It’s been a pretty hectic year for former Dubai resident Henrik Stenson.The Swede wrapped up his first Major at The Open at Royal Troon in stunning fashion last July at the age of 40 and has his sights set on defending his title at Royal Birkdale.
“It’s been a pretty nice feeling to see the Claret Jug on my coffee table every day,” said Stenson, two-times a DP World Tour Championship winner. “I don’t know if it needs to be much more adventurous than that, although we did take it on a jet-ski journey last year. I haven’t taken it sky diving yet. Maybe if I defend at Birkdale I might take it sky diving? That could be good, right?”
Stenson’s outgoing nature and rock-solid game have endeared him to fans from all around the world and the manner of his victory in last year’s Open will go down in history as one of the classic duels in golf.
Stenson and 2013 Champion Phil Mickelson exchanged birdie upon birdie before Stenson put his foot on the gas and ran out the winner by three shots on 20-under-par, the lowest winning score in Major championship history.
“I’m really looking forward to going back to Birkdale. I played there in 2008 and played well,” said Stenson, who finished in a share of third, six shots behind winner Padraig Harrington that year. “It’s one of my favourite Open venues. It’s a straight-forward links, in that if you hit a tee shot down the fairway it is more likely to stay in the fairway.”
“I hope I can give it a good shot to try and hang on to the Jug. I’m sure it’s going to be a sad moment when we have to give it back.
“Being European, The Open Championship was some of the first golf events I ever watched on television when I was a young kid, just starting to play the game. With the personal history that comes with that, of course, it makes The Open maybe just a little bit closer to my heart than any of the other Majors. Having said that, all four Majors are wonderful in their own right and I hope I can give myself a chance to win a few of them.”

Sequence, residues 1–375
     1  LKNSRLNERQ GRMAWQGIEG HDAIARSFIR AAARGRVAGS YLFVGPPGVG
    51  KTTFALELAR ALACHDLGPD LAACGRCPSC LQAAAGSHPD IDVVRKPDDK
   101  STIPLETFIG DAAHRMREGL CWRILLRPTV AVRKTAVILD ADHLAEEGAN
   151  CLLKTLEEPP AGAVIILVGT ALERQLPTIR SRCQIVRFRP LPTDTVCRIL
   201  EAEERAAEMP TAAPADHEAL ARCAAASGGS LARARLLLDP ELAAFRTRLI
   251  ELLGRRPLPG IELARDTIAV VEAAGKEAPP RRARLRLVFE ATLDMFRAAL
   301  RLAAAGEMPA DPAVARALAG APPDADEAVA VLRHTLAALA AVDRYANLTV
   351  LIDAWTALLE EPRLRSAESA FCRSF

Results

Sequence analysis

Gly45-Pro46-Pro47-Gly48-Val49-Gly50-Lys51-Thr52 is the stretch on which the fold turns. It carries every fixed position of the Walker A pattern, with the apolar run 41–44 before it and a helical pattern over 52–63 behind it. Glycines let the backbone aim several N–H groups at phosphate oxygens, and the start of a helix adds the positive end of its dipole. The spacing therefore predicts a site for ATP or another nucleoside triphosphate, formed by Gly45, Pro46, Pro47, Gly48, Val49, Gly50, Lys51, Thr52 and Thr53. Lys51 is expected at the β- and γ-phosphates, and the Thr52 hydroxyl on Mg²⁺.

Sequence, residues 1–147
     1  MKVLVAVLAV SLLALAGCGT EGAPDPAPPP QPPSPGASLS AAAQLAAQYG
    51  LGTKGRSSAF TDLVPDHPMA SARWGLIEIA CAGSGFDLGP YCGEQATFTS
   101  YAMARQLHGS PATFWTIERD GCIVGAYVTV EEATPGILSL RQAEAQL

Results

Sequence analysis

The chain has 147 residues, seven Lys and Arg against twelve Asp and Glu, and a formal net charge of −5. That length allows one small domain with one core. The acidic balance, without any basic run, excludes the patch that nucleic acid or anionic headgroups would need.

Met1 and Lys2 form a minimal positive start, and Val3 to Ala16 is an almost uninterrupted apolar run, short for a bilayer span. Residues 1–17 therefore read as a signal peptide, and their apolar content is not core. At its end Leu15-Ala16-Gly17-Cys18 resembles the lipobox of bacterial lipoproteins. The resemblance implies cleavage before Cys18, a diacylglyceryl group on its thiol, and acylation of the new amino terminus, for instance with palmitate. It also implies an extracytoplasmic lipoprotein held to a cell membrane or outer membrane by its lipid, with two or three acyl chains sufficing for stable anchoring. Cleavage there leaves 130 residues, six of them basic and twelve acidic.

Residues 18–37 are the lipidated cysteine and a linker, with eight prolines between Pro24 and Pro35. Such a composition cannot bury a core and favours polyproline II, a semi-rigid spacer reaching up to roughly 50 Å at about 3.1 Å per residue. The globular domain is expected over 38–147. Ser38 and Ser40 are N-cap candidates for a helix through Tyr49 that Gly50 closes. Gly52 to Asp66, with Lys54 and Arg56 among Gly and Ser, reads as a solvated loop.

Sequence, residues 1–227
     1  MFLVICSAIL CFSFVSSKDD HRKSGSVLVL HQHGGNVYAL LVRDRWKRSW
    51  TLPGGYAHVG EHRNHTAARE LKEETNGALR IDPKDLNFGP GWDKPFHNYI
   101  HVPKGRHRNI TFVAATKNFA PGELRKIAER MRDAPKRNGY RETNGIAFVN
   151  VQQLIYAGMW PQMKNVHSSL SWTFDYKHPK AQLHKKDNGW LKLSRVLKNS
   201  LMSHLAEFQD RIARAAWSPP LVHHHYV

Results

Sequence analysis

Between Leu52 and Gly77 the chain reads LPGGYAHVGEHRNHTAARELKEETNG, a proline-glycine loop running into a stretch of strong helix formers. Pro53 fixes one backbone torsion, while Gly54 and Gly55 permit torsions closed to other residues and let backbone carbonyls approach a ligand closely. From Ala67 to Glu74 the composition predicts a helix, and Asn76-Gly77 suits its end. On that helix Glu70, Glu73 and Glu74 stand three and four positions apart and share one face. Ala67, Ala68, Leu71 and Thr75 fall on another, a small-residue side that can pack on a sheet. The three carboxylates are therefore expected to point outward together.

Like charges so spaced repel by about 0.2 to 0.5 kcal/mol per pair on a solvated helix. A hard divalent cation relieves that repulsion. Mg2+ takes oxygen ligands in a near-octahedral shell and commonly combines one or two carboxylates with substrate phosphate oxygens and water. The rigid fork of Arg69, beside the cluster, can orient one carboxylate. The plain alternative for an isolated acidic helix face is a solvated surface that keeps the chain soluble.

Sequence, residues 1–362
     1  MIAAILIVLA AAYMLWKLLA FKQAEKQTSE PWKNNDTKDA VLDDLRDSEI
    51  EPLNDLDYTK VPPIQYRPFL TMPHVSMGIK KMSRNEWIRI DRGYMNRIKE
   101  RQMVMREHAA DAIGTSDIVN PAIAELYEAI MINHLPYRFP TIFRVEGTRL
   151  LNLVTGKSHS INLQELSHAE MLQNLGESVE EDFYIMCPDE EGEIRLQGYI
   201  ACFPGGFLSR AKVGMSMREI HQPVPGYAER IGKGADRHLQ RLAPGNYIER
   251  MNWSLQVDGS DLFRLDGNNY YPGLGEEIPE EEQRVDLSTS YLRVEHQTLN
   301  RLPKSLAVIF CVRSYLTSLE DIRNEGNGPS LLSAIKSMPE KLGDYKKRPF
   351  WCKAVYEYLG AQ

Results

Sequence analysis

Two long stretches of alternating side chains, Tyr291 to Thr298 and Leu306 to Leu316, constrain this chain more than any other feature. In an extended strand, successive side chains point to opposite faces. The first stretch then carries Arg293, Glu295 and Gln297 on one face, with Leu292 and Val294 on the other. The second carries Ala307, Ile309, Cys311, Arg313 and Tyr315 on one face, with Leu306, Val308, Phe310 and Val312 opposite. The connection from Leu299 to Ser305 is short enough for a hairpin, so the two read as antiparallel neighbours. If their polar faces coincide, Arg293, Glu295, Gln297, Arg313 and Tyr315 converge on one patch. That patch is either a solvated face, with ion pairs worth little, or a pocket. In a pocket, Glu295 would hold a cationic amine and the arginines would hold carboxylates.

Stenson has been one of the finest players in the game since his first Race to Dubai win back in 2013 and his Major triumph validates the work he’s put in with coach Pete Cowen over the years.
“Of course, it gives you a little bit of a long-term confidence boost when you achieve something like that and play as well as I did,” said Stenson. But has the result changed him? “Not really. Other than being a whole lot more busy off the golf course, I’m kind of the same. Same dry sense of humor.”
Speaking of being busy, how is Stenson’s game feeling this year?
“I feel like I’m heading in the right direction, I put a fair amount of work in. You can always throw a couple of different thoughts on why things don’t work out the way you want to – life is full of ups and downs and golf certainly is. “Moving houses, a long season, not much rest in between seasons, and trying to carry forward momentum. Eventually, I think you tend to run out of steam a little bit.”
Stenson has posted some solid results so far in 2017 with a runner-up finish at the Omega Dubai Desert Classic and a third place finish at the BMW PGA Championship, but his indifferent record at Augusta continued with a missed cut in April (he has never posted a top ten in The Masters).
However, he was a happy viewer as he settled to watch the weekend action in front of the TV and was delighted with how the tournament played out for his long-time friend Sergio Garcia.
“In some ways it was a little tough because I’m sitting there watching two of my good friends battle it out,” he said of the Sunday showdown between Garcia and Justin Rose.
“But, of course, I was very happy for Sergio. I went to his charity event the day after I won The Open last year. He had his foundation day in Switzerland, and I know how close he has been on a couple of occasions before – and then there I was standing with the Claret Jug and getting all the congratulations for it!”
“I gave him a little inspirational chat at that point, and he wasn’t slow to mention that when I saw him in the locker room at The Players Championship this year. I was delighted for him to win The Masters.”
The cream generally rises to the top at The Open and Royal Birkdale is one of the finest courses on the R&A’s rotation of venues. If this year’s Open is anything like Stenson and Mickelson’s duel at Royal Troon then the spectators and watching world are in for another treat.